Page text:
Read the complete essay here.

More Than Luck is a collection of ideas for citizens who want real change edited by Mark Davis and CPD Executive Director Miriam Lyons. A to-do list for politicians looking to base public policies on the kind of future Australians really want, More Than Luck shows what’s needed to share this country’s good luck amongst all Australians – now and in the future. Click here to find out more. Like what you’ve read? Donate to help make good ideas matter.

Blog Comments

Why is it that whenever the Population issue comes to the fore in Australia, the press (and commentators) latch onto it and turn it from a discussion about numbers, ie whether the country(side), the environment, and the facilities we have built to support these numbers, can cope, into a discussion solely about immigration and where people come from? This debate is not, and has never been about cultural issues (or multiculturalism) but about the environment.
We have a country that has generally poor and depleted soils, with only about 6% of the land mass available for intensive agriculture or farming, a history of variable rainfall and we are losing substantial parts of our agricultural land to salinity and erosion each year. The Australian Academy of Science did the numbers in 1994 and came up with a sustainable size for Australia of 23 million people. Barry Jones’ Parliamentary Committee looked at the carrying capacity of the country and came to a similar conclusion. We live our lifestyle at the moment supported by finite stocks of oil, phosphate, iron ore and coal. And where will we be when (not if) these resources are depleted in the next fifty years?
This country can accommodate 100 million people or more provided we accept that we will have massive biodiversity loss, and a substantial reduction of cultural and social welfare in this country. You think we have problems now, what will be the situation when our cheap resources start running out and we have a large population the country is unable to support? With 100 million people we will potentially all live in grass huts and lose everything that makes this country what it is. We have to stop our growth somewhere and why shouldn’t it be ‘here’ at 23 million rather than at 36 or 100 million people? That’s the issue!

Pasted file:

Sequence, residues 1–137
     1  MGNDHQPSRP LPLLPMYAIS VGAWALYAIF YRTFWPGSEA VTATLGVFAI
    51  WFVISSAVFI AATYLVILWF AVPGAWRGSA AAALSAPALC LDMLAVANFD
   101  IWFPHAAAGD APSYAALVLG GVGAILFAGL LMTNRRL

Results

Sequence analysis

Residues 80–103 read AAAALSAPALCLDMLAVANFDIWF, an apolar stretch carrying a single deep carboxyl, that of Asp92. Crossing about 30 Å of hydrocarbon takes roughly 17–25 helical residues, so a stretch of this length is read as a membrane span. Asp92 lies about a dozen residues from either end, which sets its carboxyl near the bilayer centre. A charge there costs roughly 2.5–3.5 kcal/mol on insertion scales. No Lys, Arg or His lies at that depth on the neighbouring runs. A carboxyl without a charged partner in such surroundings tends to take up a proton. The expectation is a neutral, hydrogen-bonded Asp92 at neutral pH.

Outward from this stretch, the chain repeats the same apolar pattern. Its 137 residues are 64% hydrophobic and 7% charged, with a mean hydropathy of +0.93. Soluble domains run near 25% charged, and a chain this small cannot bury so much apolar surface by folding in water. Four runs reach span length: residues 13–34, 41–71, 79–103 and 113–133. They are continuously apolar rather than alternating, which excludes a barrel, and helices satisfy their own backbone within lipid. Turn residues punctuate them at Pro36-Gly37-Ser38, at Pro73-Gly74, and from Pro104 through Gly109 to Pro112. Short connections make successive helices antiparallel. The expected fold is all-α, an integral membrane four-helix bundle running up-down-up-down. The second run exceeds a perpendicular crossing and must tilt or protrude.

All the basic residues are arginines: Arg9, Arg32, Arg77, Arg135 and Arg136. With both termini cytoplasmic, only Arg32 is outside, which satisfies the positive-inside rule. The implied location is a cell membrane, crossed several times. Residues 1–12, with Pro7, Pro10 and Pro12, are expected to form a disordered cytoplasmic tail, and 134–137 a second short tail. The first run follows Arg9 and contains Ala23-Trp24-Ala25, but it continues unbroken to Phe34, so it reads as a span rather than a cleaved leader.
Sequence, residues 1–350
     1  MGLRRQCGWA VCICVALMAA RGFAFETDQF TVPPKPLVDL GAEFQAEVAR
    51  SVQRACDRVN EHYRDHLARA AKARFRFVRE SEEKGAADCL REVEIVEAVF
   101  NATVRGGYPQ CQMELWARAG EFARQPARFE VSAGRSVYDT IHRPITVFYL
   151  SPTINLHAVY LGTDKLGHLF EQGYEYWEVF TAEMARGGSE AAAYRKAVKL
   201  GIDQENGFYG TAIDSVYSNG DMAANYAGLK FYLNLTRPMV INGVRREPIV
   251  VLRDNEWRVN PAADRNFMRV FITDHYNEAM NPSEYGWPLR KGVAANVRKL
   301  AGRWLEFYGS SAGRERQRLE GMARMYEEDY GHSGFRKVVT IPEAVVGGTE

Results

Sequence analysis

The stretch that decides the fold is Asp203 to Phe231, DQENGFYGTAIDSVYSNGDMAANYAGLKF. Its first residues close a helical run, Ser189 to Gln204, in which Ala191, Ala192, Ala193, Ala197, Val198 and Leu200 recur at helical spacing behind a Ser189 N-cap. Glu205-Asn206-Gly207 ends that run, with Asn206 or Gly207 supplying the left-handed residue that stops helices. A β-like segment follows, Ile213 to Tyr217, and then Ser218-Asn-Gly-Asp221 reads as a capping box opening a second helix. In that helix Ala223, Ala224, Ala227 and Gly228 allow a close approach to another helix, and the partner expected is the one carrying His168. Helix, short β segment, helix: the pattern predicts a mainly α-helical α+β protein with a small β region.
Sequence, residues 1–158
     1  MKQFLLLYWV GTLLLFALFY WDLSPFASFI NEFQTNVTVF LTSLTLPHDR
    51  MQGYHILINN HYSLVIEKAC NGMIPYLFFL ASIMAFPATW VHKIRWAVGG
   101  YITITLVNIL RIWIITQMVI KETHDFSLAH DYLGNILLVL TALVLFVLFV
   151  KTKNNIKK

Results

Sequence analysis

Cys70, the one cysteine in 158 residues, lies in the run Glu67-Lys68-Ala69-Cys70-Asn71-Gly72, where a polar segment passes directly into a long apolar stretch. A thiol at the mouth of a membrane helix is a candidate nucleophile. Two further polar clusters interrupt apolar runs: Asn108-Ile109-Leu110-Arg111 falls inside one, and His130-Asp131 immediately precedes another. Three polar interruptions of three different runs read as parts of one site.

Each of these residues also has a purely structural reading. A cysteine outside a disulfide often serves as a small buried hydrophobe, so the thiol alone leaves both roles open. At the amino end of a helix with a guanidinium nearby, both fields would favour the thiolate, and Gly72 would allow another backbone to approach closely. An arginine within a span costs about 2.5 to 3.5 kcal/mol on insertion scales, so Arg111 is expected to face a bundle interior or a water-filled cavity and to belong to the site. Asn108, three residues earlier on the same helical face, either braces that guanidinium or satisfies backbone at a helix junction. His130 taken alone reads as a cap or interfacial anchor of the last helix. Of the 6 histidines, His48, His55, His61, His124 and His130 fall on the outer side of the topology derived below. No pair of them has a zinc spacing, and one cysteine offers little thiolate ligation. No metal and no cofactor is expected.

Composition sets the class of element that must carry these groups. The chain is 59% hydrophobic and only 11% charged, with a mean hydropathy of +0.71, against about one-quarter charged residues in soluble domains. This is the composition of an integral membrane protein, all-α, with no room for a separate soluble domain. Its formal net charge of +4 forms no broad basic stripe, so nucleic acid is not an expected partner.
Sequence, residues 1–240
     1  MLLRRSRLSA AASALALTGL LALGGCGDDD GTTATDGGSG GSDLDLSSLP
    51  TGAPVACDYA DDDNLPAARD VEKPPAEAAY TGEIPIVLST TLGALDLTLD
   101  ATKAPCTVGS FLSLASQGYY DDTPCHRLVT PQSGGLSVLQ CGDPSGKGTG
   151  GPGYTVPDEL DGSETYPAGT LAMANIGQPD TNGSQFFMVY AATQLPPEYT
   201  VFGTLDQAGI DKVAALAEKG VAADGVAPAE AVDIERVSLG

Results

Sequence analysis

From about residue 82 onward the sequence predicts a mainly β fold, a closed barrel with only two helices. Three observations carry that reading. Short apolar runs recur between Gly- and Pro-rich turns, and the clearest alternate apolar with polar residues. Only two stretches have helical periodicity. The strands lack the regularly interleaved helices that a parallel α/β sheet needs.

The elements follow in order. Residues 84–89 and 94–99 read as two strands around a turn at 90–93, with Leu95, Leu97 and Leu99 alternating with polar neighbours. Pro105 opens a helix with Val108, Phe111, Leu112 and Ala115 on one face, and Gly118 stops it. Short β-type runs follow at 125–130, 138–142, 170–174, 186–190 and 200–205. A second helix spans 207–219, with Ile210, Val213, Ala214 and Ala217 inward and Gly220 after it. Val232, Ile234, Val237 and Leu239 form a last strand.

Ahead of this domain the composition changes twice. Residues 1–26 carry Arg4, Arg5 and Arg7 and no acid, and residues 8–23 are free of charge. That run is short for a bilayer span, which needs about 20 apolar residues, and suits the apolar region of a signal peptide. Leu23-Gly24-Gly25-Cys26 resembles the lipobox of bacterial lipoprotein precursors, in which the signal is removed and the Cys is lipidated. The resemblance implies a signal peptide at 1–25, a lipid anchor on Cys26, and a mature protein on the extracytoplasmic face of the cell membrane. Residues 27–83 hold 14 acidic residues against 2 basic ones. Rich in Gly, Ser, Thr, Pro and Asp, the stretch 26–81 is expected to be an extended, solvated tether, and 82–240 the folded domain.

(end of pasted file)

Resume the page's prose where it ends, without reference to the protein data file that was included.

I live happily with my neighbours who are from the middle east, southeast asia and europe and have no difficulty culturally accepting them (as they do my family) but even they tell me that we can’t continue to grow without end. It makes no sense to hijack the debate about population and numbers and sustainability and turn it into a fear mongering discussion about ‘who’ my neighbours are and where they have come from. JW

This seems to be a very confused article. Multiculturalism has never been a basis for a sustainable population. It arose in the 1970s as a policy setting largely to enable immigrant groups in Australia to grow in size through the now discredited family reunion progam. And, secondarily, it was a policy setting that sanctioned immigrant groupsin pursuing processes of ethnic and cultural ghetto-isation.

Thirty years on, all this is unsustainable. The growth of out cities is driven largely by immigration, and working class disdvantage in outer urban areas is compounded by cultural fragmentation. The demise of social cohesion and the decline of trust in these areas has been propelled by these policy settings. Worst of all, public debate on these matters has been closed down for thirty years, allowing attitudes to ossify and ethnic tensions and suspicion to fester.

We need a wide-ranging debate about immigration and multiculturalism which rejects both racism and the politically correct suppression of evidence of social and cultural fragmentation.